Regina is the capital city of the province of Saskatchewan, with a present-day population of nearly 200,000 people, nearly 2% (or around 3300) of whom identify as having Chinese ancestry. As Saskatchewan contends with a resource-sector boom and an economic renaissance, it is highly likely that the prospect of decent wages and the opportunity to build a family will attract a larger number of immigrants, Chinese immigrants among them, to Regina’s… I was going to say ‘shores’ there.

Regina in 1921 had a much smaller Chinese population – ~250 individuals in an overall population of over 34,000 (0.7%). This was hardly mere happenstance – Canada at the time had extremely and overtly racist immigration and migration policies that specifically limited Chinese people (almost exclusively men, for purposes of manual labour) from entering Canada, and further limited their movement once they were here. Many of the Chinese men living in Regina had moved east from British Columbia, perhaps hoping to find respite from the even-more-racist laws governing where and how Chinese people were allowed to live and work*.

Unabashed anti-Chinese racism was no stranger to Regina, if the excerpts that Backhouse quotes from periodicals from the time are any evidence. Perhaps the most stark example of the prevailing attitude towards Chinese Reginans took the form of a law called An Act to Prevent the Employment of Female Labour in Certain Capacities or, more colloquially, the White Women’s Labour Law. From the text of the law: [Read more...]

New required reading: What a Victim-Blaming World Looks Like to a Victim

There is a spirited conversation going on in the comment threads of a recent post, wherein someone has decided to contribute the oh-so-underrepresented point that victims of assault should have taken better care to avoid the assault. It’s far from a novel point, it’s far from an accurate point, it’s far from a useful point; sadly, it’s not a far from popular point. It is therefore quite serendipitous that my lunch-time reading (which should have been lunchtime blogging) included this excellent piece by Erika Nicole Kendall (Trigger warning for descriptions of abuse and sexual assault):

People far more eloquent than myself have commented on the foolishness of telling victims (and potential victims) that they have some culpability in their ability to be victimized. I’d be a fool to re-mow that neatly manicured lawn.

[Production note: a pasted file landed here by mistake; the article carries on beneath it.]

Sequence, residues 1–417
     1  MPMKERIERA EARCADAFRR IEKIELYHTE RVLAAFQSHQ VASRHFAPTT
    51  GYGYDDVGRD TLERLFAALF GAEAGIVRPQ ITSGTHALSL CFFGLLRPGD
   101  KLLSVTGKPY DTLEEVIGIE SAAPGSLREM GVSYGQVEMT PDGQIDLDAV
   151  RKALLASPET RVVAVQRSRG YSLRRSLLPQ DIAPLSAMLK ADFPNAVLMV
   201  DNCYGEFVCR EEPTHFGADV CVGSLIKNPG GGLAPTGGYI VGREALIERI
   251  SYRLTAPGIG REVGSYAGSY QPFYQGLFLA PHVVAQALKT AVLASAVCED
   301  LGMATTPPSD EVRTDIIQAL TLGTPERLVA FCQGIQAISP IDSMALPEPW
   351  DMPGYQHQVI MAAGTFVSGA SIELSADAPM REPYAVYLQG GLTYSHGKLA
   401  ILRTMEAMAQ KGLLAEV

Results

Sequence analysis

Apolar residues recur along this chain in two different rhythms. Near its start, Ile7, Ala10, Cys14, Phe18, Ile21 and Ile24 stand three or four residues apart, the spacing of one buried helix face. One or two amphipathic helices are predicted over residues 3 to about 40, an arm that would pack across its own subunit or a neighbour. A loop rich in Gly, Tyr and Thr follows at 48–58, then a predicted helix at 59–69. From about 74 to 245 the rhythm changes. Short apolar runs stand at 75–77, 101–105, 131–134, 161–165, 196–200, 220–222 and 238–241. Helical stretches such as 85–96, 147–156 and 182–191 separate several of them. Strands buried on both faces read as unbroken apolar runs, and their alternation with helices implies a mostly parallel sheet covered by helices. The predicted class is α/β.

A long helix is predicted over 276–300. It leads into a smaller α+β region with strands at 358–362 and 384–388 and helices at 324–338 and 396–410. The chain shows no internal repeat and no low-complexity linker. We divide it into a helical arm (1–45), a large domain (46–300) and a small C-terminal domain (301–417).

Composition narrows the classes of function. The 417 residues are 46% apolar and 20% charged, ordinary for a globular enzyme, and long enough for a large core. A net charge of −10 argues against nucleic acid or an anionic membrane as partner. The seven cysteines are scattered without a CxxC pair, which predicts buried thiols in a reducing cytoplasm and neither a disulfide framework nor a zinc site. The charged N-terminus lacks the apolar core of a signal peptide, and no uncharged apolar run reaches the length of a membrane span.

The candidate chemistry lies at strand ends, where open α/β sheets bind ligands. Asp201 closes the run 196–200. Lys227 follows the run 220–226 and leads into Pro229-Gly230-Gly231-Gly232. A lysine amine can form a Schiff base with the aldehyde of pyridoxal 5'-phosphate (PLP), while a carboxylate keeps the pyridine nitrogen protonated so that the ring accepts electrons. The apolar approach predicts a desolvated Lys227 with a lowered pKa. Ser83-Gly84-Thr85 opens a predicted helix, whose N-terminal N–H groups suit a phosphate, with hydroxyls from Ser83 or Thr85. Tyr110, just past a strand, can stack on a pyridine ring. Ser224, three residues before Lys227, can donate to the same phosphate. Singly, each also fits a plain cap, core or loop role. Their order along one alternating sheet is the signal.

However, I think we need to fully understand what the world looks like in a space where it is acceptable to tell people that they can protect themselves from being raped. It’s easy to talk about the immediate consequences of a society that thinks that women invite attack by “dressing like sluts” or by “drinking too much” (and yes, I am saying “women” on purpose, despite the story above) and how wrong-headed that thinking is, but what does the world look like when you are told to live in constant fear of being victimized?

You know what it looks like? It looks like young girls, suffering from the advances of grown men who should know and be encouraged to do better, who carry their books across their chest because their breasts attract too much attention. It looks like Mothers of young girls, buying their pre-teen and teenaged daughters giant sweaters to wear to try to hide their breasts, because they “know the boys will stare.” And, right now, as someone says, “Of course they will stare!” I have to wonder – do we even bother to tell our boys (and, hell, grown men, too) how wrong that is? That no, it is not simply “hormones” and “natural urges” to gawk at and objectify a young girl because she’s got a large rack?

[Read more...]

New required reading: Confessions of a former misogynist

There are times when I read things that people have written on the internet, and I say “that’s wrong”. There are other, slightly rarer times when I read something and say “that’s right, but I could have said it better”. There are still other occasions where I read something and my reaction is “that’s exactly how I would have said it”.

But then there are those rare and happy occasions where I read something and say “fuck, I wish I had written that”. This piece is one of those:

I remember when I first heard the word misogynist. I was talking to a friend about a girl who’d dumped me, and my feelings about feminists creating a society where nice men couldn’t get girlfriends, and he described me as “quite a misogynist”. I asked him what he meant, and he said “it’s simply hatred of women.” I instantly loved the term. I didn’t consider myself a sexist – I thought of Benny Hill as sexist – sexism was just silly but this was serious.

I very seriously thought women were irrational, mad, over-emotional and pseudo-intellectual creatures who would do anything, via new feminism, to crush weak men who suffered from depression, and I hated them. These days, I see a lot of people saying “I’m not a misogynist, but…”, because they don’t want to be called a misogynist, but not me. It was the term I’d been looking for, and I was proud to call myself a misogynist.

This was before the age of social media, but I know what I’d be doing if it was available at the time. I’d be following feminists and strong women on Twitter, combing their tweets for any kind of slip-up that I could use to ‘expose’ them. If I saw a blog or comment by a feminist that challenged my world view, my anger button would be pressed and, rather than responding rationally, I’d lash out with gendered insults, all while completely failing to empathise with them.

The post, which is a lengthy but incredibly worthwhile read, is the story of a man who made a journey very similar to my own (except he had the added bonus of having to contend with clinical depression) from unthinking misogyny and entitlement toward a more egalitarian and healthy relationship with not only women, but with his own anger. [Read more...]